Chris Haley, ’89, finds satisfaction from decades of serving public safety.
The experience of waiting in the lobby of the San Diego Police Department’s (SDPD) central station is unlike any other—there is a distinctly foreboding feel to the place, spoken mostly in the glances between patrons, an air of dark curiosity about the circumstances that bring people to interact with the law.
Which is what makes Christine “Chris” Haley, Warren ’89, seem so out of place when she arrives to greet us—warm and cheery, like she’s inviting us to her home as we head upstairs to her office. Haley’s demeanor may be far from the classic hardboiled crimefighter, but just one conversation proves that this environment is exactly where she belongs.
Haley has worked at the SDPD ever since she graduated from UC San Diego with a degree in economics. Though she has never worked out on the streets, she has considerable knowledge about the many facets of crime. As the SDPD’s supervising data analyst, Haley provides officers with the crucial information they need to respond and properly protect our communities. For over 25 years, it’s been a career that aligns perfectly her core values and professional ambition.
“I really wanted to help my community,” Haley says. “I grew up in San Diego [and] lived here pretty much my whole life. My parents both worked for the county. My boyfriend at the time, now husband, worked for the county. So public service is ingrained in what I believe in.”
Throughout her time at SDPD, she has been tasked with everything from testing software programs for police officers to her current charge of leading the information services program. Haley is now organizing a total renovation of the department’s communication technology, while continuing to provide the vital statistics that benefit officers in the field and the public at large. In short, she’s improving how data analysis can help curb crime.
As one would expect with a career spanning over two and a half decades, Haley has seen the department undergo a considerable evolution. With a smile, she recalls the process of collecting data when she first started. “I still have this,” she says, producing an aged green ruler and pointing out the thick black ring encircling one of the holes, the product of many pencils plotting crime locations on a paper map. Naturally, this was before computer technology changed everything.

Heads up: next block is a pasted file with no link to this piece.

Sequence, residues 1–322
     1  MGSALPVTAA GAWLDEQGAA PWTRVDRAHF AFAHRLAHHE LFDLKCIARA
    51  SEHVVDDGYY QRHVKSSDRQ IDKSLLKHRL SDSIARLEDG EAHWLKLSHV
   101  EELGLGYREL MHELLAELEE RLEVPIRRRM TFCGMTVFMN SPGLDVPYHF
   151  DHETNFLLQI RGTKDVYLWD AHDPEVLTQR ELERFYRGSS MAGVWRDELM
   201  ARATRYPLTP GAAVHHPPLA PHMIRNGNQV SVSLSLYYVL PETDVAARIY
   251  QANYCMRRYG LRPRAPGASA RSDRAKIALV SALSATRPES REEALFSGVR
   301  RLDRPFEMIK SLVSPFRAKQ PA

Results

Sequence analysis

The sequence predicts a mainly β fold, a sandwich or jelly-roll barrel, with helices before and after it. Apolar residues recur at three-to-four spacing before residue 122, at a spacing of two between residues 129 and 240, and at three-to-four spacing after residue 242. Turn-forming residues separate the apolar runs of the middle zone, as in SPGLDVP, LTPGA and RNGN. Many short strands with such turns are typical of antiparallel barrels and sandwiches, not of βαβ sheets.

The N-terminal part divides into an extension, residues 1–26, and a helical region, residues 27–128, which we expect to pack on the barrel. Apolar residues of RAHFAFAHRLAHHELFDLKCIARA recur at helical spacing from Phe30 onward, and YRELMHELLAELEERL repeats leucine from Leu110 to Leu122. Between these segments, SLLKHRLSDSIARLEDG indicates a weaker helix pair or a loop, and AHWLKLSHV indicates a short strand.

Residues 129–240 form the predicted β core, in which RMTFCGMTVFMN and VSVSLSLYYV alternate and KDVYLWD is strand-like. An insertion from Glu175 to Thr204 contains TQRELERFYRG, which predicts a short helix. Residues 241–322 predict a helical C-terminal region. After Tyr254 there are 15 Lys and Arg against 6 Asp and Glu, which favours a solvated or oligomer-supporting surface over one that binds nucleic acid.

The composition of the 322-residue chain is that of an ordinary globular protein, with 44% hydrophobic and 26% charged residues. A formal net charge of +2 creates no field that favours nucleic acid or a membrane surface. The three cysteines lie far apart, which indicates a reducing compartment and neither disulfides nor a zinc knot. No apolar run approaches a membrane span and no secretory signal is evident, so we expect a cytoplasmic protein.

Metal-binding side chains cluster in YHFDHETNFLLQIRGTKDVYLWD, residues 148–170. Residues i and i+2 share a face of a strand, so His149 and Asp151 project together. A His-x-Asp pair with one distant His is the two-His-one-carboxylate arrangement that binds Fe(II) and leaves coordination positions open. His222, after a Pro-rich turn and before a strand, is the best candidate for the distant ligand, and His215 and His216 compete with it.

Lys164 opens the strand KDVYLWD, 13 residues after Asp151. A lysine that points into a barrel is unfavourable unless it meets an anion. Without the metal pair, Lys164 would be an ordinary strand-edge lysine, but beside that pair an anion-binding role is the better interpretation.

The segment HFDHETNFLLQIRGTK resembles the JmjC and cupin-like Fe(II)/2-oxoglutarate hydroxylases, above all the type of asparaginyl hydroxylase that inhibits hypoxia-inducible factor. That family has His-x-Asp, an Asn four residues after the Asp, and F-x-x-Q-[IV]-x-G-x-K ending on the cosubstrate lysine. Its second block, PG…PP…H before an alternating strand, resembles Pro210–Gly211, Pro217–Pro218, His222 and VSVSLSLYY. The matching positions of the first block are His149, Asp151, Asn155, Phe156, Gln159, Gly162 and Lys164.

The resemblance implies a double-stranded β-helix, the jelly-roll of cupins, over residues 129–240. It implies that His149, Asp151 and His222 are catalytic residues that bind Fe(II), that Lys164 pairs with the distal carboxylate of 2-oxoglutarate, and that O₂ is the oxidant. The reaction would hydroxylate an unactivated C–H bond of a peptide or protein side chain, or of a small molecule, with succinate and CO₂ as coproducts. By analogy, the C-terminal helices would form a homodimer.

“We went from one resource-room computer that nobody used, to there being a line to use it, to us each having our own,” Haley says. Yet the technology is not the only thing that has grown—Haley can see a change in herself as well. Reflecting on her beginnings at the department, she explains how as a newcomer she viewed crime through slightly more innocent eyes.
“I can tell you I was really naïve when I started working for the department,” Haley says with a laugh. “‘People don’t actually rob banks, right? I mean, really?’ I really thought that when I was in college.”
Now with a world of experience under her belt, Haley certainly sees things differently. A bird’s-eye view of crime in one of America’s biggest cities can yield a stark and perhaps daunting understanding of the criminal world, yet she has always maintained an optimistic outlook.
“My eyes have been opened [to] a lot of things that hopefully people don’t have to know about, I suppose, but there’s a lot of encouraging stuff, too,” she says. “In the 25 years that I’ve been here, crime is down a lot. It’s gone down almost every year since I’ve been here.”
For her years of dedicated service, Haley was recently honored as one of three women at the San Diego Police Foundation’s fifth annual Women in Blue luncheon. “That award was really humbling to me,” she says. “While it’s traditionally been a male-dominated field in general, that’s changing. There are more and more women. The women that have been recognized in the last five years are amazing. So to be included in that is seriously humbling. I was really amazed when that happened.”
From the rookie days of plotting crime hotspots with her ruler to becoming a recognized leader in her field, Haley loves where she’s landed and has remained ever loyal to public service for the good of the community. And while that may not be the stuff of C.S.I. drama, it remains the major reason why her job has impact.
“I like feeling like I’m making a difference. That was one of the reasons why I wanted to work in the public sector rather than private sector: making a difference. I want to do something for the community,” she says. “I feel like I make a difference here in some small way, and it’s not a paper-pushing kind of difference. It’s a real difference.”